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The effects of radiation on angiogenesis

Grabham, Peter W.; Sharma, Preety

The average human body contains tens of thousands of miles of vessels that permeate every tissue down to the microscopic level. This makes the human vasculature a prime target for an agent like radiation that originates from a source and passes through the body. Exposure to radiation released during nuclear accidents and explosions, or during cancer radiotherapy, is well known to cause vascular pathologies because of the ionizing effects of electromagnetic radiations (photons) such as gamma rays. There is however, another type of less well-known radiation – charged ion particles, and these atoms stripped of electrons, have different physical properties to the
photons of electromagnetic radiation. They are either found in space or created on earth by particle collider facilities, and are of significant recent interest due to their enhanced effectiveness and increasing use in cancer
radiotherapy, as well as a health risk to the growing number of people spending time in the space environment. Although there is to date, relatively few studies on the effects of charged particles on the vascular system, a very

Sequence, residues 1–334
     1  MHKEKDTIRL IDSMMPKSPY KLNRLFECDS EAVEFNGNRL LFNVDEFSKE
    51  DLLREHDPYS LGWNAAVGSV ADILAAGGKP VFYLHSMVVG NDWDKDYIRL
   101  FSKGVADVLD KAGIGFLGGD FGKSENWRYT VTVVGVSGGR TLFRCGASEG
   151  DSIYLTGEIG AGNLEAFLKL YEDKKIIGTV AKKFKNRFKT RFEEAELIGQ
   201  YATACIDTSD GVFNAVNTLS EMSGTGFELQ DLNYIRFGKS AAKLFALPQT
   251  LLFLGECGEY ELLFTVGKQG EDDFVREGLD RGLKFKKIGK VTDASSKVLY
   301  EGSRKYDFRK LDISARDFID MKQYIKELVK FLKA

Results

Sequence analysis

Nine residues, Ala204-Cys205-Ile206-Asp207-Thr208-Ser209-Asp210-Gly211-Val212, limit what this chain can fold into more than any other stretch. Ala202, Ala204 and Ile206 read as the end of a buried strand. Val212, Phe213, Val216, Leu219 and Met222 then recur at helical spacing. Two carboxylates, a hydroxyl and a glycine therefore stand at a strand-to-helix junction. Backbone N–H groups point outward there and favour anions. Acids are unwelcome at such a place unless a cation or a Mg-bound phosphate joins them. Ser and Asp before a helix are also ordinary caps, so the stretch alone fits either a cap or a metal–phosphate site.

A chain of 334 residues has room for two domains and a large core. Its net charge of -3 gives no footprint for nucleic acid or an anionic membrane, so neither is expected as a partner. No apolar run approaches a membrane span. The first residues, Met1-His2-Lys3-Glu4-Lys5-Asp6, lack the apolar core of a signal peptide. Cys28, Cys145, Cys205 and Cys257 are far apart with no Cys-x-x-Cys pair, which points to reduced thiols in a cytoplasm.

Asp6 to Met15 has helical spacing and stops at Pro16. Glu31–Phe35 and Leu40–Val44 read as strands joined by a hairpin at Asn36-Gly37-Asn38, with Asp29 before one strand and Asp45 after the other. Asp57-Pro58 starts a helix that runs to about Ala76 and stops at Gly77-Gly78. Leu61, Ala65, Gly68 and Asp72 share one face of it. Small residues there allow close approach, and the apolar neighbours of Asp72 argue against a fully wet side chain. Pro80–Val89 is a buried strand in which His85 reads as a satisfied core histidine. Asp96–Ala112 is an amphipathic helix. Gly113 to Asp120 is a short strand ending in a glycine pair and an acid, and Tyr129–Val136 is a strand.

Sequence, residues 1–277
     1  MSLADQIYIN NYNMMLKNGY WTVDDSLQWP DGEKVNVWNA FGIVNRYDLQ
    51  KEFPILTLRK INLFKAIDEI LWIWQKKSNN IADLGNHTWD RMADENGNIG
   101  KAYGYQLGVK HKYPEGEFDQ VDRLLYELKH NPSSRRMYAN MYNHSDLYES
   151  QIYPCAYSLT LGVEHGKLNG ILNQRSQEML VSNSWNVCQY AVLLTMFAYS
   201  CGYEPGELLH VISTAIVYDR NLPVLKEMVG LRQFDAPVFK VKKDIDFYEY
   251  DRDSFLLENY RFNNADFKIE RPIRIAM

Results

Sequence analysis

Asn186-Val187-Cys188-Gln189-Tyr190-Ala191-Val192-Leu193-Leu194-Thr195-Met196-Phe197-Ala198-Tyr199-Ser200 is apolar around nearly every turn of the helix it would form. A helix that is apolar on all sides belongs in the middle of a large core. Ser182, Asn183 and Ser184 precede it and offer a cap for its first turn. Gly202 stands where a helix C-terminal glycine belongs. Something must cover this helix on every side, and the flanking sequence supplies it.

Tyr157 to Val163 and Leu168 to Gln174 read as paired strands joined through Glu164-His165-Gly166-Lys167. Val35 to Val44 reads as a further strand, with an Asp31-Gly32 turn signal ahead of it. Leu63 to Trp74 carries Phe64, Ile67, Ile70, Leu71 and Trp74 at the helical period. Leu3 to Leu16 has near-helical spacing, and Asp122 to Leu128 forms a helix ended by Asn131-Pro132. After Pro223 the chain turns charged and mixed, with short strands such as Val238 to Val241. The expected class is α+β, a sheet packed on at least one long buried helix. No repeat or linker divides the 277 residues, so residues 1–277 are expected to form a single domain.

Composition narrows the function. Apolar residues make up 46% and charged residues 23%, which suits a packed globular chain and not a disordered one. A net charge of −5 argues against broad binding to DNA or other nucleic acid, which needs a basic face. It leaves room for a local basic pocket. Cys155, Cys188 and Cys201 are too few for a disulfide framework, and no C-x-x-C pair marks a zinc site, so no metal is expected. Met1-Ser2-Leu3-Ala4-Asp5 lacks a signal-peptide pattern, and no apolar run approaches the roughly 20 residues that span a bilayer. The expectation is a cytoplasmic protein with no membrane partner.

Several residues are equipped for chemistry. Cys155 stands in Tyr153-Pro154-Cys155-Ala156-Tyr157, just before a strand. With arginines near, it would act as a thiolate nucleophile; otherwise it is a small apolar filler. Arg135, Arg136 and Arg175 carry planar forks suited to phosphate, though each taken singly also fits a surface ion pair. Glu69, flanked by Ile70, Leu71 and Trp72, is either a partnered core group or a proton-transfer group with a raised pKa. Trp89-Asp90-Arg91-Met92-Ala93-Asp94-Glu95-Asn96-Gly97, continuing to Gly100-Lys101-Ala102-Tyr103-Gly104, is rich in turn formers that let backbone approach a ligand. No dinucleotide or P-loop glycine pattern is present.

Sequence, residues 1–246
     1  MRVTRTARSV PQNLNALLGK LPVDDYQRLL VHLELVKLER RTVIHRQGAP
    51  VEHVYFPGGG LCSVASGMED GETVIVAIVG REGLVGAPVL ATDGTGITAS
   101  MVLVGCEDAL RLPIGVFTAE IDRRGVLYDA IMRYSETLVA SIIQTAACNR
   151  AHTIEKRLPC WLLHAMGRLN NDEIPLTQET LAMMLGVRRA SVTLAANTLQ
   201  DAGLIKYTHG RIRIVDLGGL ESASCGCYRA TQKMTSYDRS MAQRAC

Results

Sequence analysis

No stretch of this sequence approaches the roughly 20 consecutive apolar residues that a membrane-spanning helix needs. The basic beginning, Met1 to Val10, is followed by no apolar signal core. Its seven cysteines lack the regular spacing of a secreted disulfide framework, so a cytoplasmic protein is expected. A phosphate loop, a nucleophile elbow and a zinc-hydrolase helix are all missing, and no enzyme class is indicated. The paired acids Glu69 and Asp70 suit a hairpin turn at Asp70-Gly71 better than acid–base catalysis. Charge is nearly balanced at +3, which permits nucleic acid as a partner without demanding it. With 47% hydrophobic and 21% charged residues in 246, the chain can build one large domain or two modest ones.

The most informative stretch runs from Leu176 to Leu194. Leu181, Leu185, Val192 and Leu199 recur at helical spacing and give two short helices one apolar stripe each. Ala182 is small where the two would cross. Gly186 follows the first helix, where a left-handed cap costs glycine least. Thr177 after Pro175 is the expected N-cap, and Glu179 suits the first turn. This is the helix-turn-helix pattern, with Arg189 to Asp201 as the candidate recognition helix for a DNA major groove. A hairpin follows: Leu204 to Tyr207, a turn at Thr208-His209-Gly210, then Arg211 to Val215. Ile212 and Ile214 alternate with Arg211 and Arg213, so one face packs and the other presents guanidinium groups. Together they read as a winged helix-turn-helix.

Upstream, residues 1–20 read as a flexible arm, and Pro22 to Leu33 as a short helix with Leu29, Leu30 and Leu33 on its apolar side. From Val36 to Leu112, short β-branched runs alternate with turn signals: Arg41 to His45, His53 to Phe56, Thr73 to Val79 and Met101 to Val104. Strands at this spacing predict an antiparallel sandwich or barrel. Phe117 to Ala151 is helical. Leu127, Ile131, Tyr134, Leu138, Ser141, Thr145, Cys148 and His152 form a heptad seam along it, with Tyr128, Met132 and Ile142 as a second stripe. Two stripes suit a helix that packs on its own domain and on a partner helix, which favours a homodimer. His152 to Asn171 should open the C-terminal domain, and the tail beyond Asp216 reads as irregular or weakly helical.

different picture of the biological effects of these particles compared to photons is beginning to emerge. These under researched biological effects of ion particles have a large impact on the health consequences of exposure. In this short review, we will discuss the effects of charged particles on an important biological process of the vascular system, angiogenesis, which creates and maintains the vasculature and is highly important in tumor vasculogenesis.


Also Published In

Vascular Cell

More About This Work

Academic Units
Radiation Oncology
Published Here
September 9, 2014